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Sweet temptations abroad

While traveling is the one time when people should indulge in sweet temptations. Especially when on a city break vacation, you’re often up early, walking extensively and on your feet a lot. Why shouldn’t you sample a macaron in Paris or a have a gelato in Italy?

I feel that food experiences are just as much a part of a country’s culture and past and should not be excluded from the “tourist circuit.”  I’ve discovered that in Korea, a region of the world not normally equated as being dessert heavy like the West is, sweet temptations do exist. It was in Seoul that I first became familiar with Azuki bean paste, a sweet, dark red bean paste that originated in East Asia. It is prepared by boiling and mashing azuki beans and then sweetening the beans with sugar or honey. Not as utterly rich or sinful as a slice of cheesecake but baram tteok, a Korean rice cake that contains sweet red bean paste, usually in the form of a crescent moon, is still a worthy contender.

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The below are my top three sweet temptation experiences I’ve had while traveling:

1.) Queen of Tarts Cafe-Dublin, Ireland
Although D and I had eaten a filling Irish breakfast earlier in the morning, our walking tour on the 1916 Easter Rebellion, in which we traversed most of Dublin’s North and South Sides, had left us famished, and so we were in need of a food and drink rest. Although the cafe serves breakfast and lunch, its “happy ending” offerings are what brings people inside its doors, the sight of the sweets behind the display cases too scrumptious to pass up. Selections include a chocolate pear and almond tart, old fashioned Victorian sponge cake, fresh warm plum tart, hot blackberry and apple crumble, and more. The lemon meringue tart was the best I ever had and paired with my own pot of Earl Grey tea to ward off Dublin’s infamous cold and damp air, a terrific respite.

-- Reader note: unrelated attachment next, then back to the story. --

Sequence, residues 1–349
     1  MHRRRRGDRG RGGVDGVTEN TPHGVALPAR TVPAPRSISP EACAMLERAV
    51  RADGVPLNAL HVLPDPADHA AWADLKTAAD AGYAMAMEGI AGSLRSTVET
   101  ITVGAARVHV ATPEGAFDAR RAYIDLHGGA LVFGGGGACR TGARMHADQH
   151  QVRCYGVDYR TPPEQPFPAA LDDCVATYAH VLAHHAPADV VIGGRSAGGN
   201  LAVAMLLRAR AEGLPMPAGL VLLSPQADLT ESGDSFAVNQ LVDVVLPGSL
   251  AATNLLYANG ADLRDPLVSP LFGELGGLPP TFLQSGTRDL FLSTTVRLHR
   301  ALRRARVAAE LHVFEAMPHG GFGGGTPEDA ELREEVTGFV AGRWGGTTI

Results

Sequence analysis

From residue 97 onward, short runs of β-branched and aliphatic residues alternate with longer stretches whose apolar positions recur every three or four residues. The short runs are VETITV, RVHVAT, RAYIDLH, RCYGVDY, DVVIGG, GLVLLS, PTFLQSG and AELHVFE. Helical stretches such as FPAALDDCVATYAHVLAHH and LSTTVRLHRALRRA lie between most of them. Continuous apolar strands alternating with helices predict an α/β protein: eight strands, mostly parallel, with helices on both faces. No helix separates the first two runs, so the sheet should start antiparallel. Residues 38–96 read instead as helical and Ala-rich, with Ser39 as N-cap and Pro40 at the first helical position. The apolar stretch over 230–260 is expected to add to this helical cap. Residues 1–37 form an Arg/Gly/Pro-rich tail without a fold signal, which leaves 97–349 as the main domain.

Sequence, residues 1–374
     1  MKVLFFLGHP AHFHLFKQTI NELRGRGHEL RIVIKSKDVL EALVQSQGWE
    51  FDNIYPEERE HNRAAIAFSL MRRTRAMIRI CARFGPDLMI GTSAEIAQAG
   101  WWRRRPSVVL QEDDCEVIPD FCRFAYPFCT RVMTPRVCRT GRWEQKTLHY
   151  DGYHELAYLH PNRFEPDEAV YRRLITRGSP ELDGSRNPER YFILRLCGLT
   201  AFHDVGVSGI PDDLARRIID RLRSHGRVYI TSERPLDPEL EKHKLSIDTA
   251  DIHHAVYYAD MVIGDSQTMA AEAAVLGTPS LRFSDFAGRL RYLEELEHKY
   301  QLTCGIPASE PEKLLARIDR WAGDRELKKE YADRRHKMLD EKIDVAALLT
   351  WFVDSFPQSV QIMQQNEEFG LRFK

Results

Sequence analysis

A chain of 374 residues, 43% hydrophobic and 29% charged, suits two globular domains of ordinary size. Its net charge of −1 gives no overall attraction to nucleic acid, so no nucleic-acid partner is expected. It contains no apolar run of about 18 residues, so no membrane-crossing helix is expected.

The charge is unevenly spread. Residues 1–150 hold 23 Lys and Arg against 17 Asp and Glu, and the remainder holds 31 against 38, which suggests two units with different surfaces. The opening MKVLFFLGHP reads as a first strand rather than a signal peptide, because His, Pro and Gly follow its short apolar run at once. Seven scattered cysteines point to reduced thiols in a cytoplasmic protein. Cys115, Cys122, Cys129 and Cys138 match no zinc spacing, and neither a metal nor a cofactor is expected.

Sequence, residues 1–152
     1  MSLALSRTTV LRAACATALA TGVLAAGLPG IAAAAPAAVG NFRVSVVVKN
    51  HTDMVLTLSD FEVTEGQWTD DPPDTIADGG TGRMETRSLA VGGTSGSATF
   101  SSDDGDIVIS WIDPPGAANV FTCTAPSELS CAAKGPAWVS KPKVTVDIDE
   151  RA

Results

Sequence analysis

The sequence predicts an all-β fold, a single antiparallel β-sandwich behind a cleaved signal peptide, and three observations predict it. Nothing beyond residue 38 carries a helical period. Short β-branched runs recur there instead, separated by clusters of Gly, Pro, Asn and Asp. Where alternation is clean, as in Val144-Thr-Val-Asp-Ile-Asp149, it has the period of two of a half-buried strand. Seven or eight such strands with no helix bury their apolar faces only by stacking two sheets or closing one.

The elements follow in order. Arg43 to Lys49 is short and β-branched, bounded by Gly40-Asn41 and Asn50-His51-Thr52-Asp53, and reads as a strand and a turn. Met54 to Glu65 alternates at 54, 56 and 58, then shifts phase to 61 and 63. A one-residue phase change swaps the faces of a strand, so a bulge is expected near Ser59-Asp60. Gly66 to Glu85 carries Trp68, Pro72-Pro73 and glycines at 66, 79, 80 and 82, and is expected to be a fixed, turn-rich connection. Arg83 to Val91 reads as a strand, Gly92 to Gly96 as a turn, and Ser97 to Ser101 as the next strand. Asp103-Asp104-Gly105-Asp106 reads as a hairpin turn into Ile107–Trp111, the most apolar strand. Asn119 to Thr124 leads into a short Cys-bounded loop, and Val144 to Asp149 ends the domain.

2.) Chocolate shops-anywhere in Belgium

 Belgian chocolate is legendary and being able to sample it in the country where it is made is phenomenal. In Brussels D and I got our chocolate fill from Leonidas, a chocolate producer that has been in operation for almost a century. While in Brugge we sampled from a variety of shops including some that had the most elaborate and creative display windows I’ve ever seen and naturally, they were all made out of chocolate.  Although I’ve gone back to eating the more locally produced Hershey’s chocolate, I know no other chocolate can top Belgian chocolate.

3.) Cafe du Monde-New Orleans, Lousiana

I must admit that this was one of the things I was looking forward to the most when planning my trip to New Orleans. A venerable coffee shop in the city’s French Quarter that has been in operation for almost 150 years, Cafe du Monde serves only coffee (cafe au lait) and its famous French-style beignets (donuts) topped with copious amounts of powdered sugar. Although when I went the place was packed and the waitresses harried, it was still some of the best fried pastry dough I had ever had. My friend and I tried beignets from another place in the city and I even bought some of Cafe du Monde’s own beignet mix to take home with me. Nothing however, compared to the ones I ate one morning at Decatur Street’s most famous cafe.

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